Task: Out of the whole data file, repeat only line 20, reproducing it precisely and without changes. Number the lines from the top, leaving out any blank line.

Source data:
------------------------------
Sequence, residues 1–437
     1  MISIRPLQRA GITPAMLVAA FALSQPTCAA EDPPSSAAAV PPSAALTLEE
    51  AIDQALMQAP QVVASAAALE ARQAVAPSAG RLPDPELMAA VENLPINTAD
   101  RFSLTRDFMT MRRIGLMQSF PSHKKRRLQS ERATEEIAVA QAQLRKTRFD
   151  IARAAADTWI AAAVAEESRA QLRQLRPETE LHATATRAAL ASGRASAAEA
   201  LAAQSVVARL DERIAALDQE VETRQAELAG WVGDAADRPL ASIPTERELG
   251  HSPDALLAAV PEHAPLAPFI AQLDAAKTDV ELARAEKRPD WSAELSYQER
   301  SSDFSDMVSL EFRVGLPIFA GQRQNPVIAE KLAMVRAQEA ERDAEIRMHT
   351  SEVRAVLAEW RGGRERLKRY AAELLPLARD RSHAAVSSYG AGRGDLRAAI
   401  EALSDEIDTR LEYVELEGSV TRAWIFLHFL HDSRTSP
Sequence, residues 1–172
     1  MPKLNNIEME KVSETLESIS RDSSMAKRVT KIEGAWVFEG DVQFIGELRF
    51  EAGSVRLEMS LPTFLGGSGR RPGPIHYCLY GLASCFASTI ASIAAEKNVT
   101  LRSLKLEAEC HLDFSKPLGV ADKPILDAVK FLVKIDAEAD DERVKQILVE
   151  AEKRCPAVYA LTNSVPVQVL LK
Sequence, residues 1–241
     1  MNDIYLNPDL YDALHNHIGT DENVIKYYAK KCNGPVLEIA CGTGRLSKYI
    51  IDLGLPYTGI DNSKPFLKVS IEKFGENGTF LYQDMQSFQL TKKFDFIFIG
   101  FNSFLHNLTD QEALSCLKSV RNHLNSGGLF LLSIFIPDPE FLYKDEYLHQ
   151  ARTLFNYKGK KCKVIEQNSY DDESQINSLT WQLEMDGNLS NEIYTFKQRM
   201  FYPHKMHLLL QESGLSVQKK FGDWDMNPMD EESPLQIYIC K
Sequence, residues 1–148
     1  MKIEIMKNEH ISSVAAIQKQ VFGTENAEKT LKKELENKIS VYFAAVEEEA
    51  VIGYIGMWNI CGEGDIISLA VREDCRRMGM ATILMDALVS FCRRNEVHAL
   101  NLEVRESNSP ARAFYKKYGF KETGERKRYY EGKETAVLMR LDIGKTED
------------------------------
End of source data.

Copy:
   151  ARTLFNYKGK KCKVIEQNSY DDESQINSLT WQLEMDGNLS NEIYTFKQRM